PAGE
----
I predicted this story about Ethiopia becoming the next China nearly twenty years ago after living there, traveling in other sub-Saharan African countries, and becoming a student of globalization.*
Long story short, the outsourced manufacturing race to the bottom has entered it’s final stage. China’s average manufacturing wage is 3,469 yuan ($560) per month. Pay at Ethiopia’s Huajian shoe factory (18 miles outside of Addis Ababa) ranges from the basic after-tax minimum of $30 a month to about twice that for supervisors.
A paragraph to ponder:
Huajian’s 3,500 workers in Ethiopia produced 2 million pairs of shoes last year. Located in one of the country’s first government-supported industrial zones, the factory began operating in January 2012, only three months after Zhang decided to invest. It became profitable in its first year and now earns $100,000 to $200,000 a month, he said, calling it an insufficient return that will rise as workers become better trained.
Meanwhile, last week, George Mason economist and blogger extraordinaire, Tyler Cowen, wrote in the New York Times about income inequality. The title is the thesis, “Income Inequality is Not Rising Globally. It’s Falling.”
Here’s the gist of Cowen’s argument:
We have evolved a political debate where essentially nationalistic concerns have been hiding behind the gentler cloak of egalitarianism. To clear up this confusion, one recommendation would be to preface all discussions of inequality with a reminder that global inequality has been falling and that, in this regard, the world is headed in a fundamentally better direction.
The message from groups like Occupy Wall Street has been that inequality is up and that capitalism is failing us. A more correct and nuanced message is this: Although significant economic problems remain, we have been living in equalizing times for the world — a change that has been largely for the good. That may not make for convincing sloganeering, but it’s the truth.
A common view is that high and rising inequality within nations brings political trouble, maybe through violence or even revolution. So one might argue that a nationalistic perspective is important. But it’s hardly obvious that such predictions of political turmoil are true, especially for aging societies like the United States that are showing falling rates of crime.
I’m positively predisposed to counter-intuitive thinking, but Cowen was hopelessly naive if he thought his NYT readers might concede even some aspects of his argument.
Here’s the comment Cowen’s readers most liked:
You’ve Got to be Kidding
This article is a classic example of a divide and conquer strategy. The gist is that less educated and skilled people in countries like the U.S are suffering but those in other countries are gaining. Hence, the world is equalizing. So, if you complain about the U.S., you are essentially wishing harm on others. In reality, what the “miracle” of capitalism has done is what it always does — it enriches owners of capital and exploits labor. Developing countries are, of course, better off; they started from nothing, and so anything is an improvement. So production is moved to places where people are desperate, and profits rise because of poor wages, no attention to work place safety, no regard for environmental concerns, etc. Yet, we are to celebrate because the workers in the poor countries are no longer earning zero. This logic then absolves companies from any criticism about the horrendous working conditions. After all, global inequality is falling!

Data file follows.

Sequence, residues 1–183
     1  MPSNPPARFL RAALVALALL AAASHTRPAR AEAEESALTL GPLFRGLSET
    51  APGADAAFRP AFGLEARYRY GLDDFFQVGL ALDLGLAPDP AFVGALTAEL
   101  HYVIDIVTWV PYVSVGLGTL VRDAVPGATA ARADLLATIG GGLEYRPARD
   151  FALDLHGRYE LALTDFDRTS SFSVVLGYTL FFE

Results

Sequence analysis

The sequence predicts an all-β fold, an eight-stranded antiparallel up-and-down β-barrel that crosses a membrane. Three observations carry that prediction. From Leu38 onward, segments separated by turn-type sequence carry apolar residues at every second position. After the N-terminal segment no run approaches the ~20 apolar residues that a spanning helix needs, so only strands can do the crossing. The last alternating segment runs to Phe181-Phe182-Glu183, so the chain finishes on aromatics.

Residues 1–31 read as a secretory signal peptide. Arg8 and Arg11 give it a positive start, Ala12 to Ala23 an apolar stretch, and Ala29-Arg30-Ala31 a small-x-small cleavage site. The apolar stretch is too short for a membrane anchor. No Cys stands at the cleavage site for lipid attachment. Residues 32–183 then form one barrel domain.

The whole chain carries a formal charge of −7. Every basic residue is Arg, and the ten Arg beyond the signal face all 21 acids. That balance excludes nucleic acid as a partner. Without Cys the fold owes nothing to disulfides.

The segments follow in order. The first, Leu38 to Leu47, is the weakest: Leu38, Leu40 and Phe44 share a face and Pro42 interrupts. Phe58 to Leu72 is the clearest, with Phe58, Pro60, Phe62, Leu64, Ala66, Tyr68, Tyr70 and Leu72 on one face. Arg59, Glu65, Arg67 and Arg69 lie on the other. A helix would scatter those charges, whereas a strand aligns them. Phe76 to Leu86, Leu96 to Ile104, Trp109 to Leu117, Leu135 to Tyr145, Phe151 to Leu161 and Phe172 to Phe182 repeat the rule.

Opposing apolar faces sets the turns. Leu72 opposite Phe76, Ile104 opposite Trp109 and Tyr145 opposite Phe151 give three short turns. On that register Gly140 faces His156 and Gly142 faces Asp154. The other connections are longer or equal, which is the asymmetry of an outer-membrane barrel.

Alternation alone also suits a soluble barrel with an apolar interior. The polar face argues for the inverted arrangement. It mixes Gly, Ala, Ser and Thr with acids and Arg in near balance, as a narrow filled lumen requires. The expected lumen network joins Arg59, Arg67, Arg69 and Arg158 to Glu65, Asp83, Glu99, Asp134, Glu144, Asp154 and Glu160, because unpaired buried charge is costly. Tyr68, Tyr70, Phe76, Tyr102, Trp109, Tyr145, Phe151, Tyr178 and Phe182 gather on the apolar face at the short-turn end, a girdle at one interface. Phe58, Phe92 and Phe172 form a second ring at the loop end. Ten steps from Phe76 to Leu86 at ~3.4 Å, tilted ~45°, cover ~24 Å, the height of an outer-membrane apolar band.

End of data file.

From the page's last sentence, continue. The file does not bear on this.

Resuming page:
The author also glides over the fact that people live in particular societies and their own inequality is most important. It matters for the distribution of political power (Citizens United, anyone?), for health (see, e.g., studies by Richard Wilkinson), for education, for housing and for a host of other things.
Finally, the author predictably criticizes redistribution (what, not unions?) But the real issue is changing the rules of the game so things aren’t rigged for elites. If so, redistribution will be less needed.
The other most highly rated reader responses were similarly critical. Taken together, they illustrate people’s unwillingness to compare themselves to foreign people in distant places. It’s no surprise that economically secure professionals like Cowen and myself choose cosmopolitanism, but for anyone else who lacks economic security, its a luxury they can’t afford.
It’s the same reason the well-to-do, who can afford higher prices elsewhere, brandish “I Don’t Shop at Walmart” bumper stickers. Cowen embraces cosmopolitanism because his university and book publishers and blog sponsors pay him handsomely; and his university provides his health care; and, like me, he has extraordinary job protections as a tenured professor; and he travels the world doing research, lecturing, and teaching.
I don’t begrudge him his professional success, but for him to assume others will embrace cosmopolitanism based upon his logic suggests he’s woefully out-of-touch with those that are struggling to get by.
Cowen might respond to that criticism by insisting that it’s in everyone’s best interests to think more globally, and I’d agree, but it’s going to take far more than abstract New York Times essays to get people to think beyond their household, community, state, and nation.
* Rest assured, normally my predictive skills are nothing special. For example, I was sure Jay-Z and Beyonce would live happily ever after.